A new drug, “ Power”, hits the streets of New Orleans, causing people to have superpowers for a period of five minutes. It’s up to a teenage drug dealer, a cop, and an ex-soldier to take down the distributor.
Of all of the Netflix action movies I’ve reviewed, this one is the best. Is that saying much? No, but that doesn’t make it any less the case. Netflix is known for its great TV shows. Sure, they’ve come out with a few good films, but it’s the shows that are remembered (Stranger Things, House of Cards). None of their action movies have garnered anywhere near that success, though many have tried. The Old Guard and Bright, while having a good budget, had terrible stories attached to it. Project Power cost a good amount of money too, though more of it was put towards the script, and you can tell.
One of my favorite parts about this film is it’s slight deviation from the norm. It’s not like it revolutionized the sci-fi action genre, but it did have a few unique moments. For example, there’s one scene in which the distributor’s henchmen are interrogating the mother of the teenage drug dealer, Robin. The cop, Frank, sneaks in the bathroom, takes off all of his clothes and puts a towel around himself, pretending to be the mother’s boyfriend just coming out of the shower. This gets rid of the henchmen. Yes, it’s a little silly that the cop is able to convince the mom that he’s a good guy, given the situation, even if just for a moment. But, it was still an interesting way of both fixing the situation and developing Frank as a character. Frank deals with conflicts by playing a character, making people believe whatever that said character is saying. This scene helped show the range of characters he can play.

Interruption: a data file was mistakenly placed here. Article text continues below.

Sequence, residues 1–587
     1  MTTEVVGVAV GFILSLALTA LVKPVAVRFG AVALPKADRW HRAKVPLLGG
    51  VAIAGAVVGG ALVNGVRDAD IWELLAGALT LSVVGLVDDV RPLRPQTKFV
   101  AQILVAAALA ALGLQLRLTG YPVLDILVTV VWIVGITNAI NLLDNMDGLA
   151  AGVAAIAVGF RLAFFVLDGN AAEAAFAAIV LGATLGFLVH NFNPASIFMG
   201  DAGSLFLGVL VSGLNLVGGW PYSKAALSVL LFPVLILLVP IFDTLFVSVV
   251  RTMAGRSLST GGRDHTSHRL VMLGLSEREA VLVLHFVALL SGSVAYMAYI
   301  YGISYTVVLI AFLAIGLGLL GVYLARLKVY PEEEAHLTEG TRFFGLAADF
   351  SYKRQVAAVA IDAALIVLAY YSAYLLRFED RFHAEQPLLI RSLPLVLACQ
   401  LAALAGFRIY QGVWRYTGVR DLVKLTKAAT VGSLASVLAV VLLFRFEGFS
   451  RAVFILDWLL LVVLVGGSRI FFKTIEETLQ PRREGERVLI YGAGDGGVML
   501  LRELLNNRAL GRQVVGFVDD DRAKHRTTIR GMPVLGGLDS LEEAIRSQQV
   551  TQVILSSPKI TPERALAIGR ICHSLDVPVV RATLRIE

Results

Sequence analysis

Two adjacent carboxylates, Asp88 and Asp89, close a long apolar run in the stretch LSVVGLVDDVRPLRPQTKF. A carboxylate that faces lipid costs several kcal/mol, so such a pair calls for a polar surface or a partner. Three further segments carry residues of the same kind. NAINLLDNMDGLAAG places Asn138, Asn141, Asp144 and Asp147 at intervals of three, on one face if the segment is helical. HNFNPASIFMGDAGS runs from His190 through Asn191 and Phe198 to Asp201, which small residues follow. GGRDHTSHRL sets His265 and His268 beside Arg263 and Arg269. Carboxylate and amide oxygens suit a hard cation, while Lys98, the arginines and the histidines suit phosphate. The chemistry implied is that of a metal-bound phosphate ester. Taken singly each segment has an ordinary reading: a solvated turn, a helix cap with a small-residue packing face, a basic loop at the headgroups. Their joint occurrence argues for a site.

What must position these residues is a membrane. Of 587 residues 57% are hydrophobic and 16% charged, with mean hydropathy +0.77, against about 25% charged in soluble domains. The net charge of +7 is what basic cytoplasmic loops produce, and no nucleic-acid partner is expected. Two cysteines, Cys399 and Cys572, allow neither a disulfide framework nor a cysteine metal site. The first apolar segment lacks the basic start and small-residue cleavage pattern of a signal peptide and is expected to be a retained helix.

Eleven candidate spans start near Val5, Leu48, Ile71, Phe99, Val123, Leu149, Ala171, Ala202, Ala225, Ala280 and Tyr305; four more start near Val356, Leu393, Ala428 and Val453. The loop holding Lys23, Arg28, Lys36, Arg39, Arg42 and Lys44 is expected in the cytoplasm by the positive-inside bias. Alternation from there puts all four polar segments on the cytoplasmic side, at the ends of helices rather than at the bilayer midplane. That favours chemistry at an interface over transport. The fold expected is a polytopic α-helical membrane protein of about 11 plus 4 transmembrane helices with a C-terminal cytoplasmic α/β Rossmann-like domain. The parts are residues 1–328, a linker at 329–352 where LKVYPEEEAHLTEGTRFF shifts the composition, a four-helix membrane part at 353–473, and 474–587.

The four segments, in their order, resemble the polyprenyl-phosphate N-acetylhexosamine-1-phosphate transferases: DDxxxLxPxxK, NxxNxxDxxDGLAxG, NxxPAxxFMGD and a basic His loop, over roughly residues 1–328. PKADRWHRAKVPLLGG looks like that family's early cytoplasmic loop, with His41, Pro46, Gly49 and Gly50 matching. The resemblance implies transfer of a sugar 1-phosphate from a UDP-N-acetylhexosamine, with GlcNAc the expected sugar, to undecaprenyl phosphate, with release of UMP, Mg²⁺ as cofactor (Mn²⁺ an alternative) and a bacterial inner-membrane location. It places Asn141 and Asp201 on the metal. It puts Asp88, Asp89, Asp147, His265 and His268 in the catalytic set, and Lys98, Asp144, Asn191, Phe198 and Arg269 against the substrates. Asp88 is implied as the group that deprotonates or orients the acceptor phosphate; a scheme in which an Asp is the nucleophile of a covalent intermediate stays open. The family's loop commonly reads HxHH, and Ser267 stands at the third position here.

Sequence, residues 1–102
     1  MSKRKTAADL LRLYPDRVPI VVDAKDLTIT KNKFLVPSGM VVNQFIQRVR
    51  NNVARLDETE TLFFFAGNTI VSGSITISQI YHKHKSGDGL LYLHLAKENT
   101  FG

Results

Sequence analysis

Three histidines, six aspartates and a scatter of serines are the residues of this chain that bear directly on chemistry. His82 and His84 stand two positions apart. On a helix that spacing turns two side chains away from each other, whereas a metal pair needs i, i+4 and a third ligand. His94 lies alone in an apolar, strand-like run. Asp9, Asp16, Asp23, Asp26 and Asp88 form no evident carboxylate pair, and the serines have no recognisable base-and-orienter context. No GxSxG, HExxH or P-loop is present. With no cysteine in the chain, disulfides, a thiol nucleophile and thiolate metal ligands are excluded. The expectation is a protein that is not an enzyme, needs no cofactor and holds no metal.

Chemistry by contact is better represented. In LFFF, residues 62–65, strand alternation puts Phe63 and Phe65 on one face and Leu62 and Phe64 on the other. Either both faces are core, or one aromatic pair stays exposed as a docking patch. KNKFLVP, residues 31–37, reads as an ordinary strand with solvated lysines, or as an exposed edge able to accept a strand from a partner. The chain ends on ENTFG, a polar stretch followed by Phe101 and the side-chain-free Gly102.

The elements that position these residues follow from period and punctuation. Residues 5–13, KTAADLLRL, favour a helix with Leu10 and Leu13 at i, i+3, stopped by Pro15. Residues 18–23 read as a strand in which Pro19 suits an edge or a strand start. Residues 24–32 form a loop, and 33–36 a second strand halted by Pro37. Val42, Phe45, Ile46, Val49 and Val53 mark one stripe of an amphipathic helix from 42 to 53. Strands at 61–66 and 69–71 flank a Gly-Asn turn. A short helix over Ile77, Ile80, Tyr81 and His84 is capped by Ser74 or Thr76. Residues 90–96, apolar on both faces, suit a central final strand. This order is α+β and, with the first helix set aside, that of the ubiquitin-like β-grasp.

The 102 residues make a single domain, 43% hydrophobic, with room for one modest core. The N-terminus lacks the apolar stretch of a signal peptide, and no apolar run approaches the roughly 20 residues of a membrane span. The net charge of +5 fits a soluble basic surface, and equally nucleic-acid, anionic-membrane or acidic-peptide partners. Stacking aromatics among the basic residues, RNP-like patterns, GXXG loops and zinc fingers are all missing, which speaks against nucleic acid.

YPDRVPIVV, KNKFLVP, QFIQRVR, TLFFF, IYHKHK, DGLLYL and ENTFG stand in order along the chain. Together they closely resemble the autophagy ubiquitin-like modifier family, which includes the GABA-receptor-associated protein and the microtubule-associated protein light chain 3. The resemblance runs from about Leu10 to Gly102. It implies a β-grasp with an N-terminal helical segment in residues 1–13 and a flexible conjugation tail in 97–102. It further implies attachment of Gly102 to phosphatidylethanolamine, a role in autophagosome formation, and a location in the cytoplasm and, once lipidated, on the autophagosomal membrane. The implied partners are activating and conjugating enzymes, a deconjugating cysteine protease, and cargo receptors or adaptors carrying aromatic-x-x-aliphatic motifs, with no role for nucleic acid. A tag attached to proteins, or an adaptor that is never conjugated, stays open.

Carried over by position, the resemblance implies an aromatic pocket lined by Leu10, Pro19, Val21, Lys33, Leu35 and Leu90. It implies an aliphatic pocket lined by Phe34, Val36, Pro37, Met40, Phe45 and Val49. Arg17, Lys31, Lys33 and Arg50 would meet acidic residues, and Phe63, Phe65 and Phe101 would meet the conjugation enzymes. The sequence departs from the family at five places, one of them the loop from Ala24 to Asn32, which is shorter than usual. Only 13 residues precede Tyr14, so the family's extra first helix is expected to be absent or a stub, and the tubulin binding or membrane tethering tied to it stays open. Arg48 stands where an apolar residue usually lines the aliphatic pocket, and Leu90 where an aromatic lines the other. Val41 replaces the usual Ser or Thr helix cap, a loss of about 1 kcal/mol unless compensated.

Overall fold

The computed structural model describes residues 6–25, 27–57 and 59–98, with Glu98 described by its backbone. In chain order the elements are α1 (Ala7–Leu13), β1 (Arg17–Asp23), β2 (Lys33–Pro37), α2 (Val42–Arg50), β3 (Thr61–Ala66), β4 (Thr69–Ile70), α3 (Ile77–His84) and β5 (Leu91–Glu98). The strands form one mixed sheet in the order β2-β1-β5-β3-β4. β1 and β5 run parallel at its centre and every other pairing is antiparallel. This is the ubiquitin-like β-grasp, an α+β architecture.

I felt that I understood all of this movie’s characters, and cared about them. Some of them were a bit trope-y, but I wouldn’t have done without any of them, even if some had less screen time then others. They all brought something to the table, and oftentimes something a little different as well. Several of the characters had very interesting mindsets, and oftentimes backwards logic that was surprisingly complex for a film such as this. Characters use the drug that they’re trying to stop, as they need to stop the “power”-using protagonist.
Similar to Bright, I was impressed with this movie’s visuals. I’m a huge fan of films set in ugly, impoverished areas, as it helps develop atmosphere. I’ve never been to New Orleans, so I don’t know what the culture is like there, but I feel like the creators of this movie portrayed it’s underbelly perfectly. Every supermarket and dilapidated apartment building feels like it comes from reality, and I loved every second of it.
It’s surprising to see how many semi-famous people were in this film. Machinegun Kelly and Casey Neistat play minor roles. I’m guessing adding them was a marketing technique as their social media influence is much greater then their roles within the film. Either way, it was interesting to see these celebs.
This may be the best action movie Netflix has done, but that doesn’t mean it’s good. Yes, the characterization is solid, and yes the settings are cool, but it’s rife with plot holes that can’t be ignored. The biggest one, by far, is the antagonist. If you haven’t noticed, I haven’t mentioned the name of the distributors once by name throughout this entire review. I’m sure if you read other reviews of this movie online, you’ll see the same thing. That’s because this film’s unclear as to who the bad guy is. They hint to it being the US military, but that can’t be true given they’re selling it to foreign governments. Doesn’t the US military have enough money so as not to need to give one of their most powerful weapons to another country? Either way, they don’t directly say anything to identify themselves.
Overall, this was a decent action movie with a few good scenes. It’s not the best film of all time, but it’s worth the watch.
Project Power: Netflix’s Best (sci-fi action movie)
Writing - 7.8/107.8/10
Storyline - 6/106/10
Acting - 8.8/108.8/10
Music - 7.9/107.9/10
Production - 9/109/10
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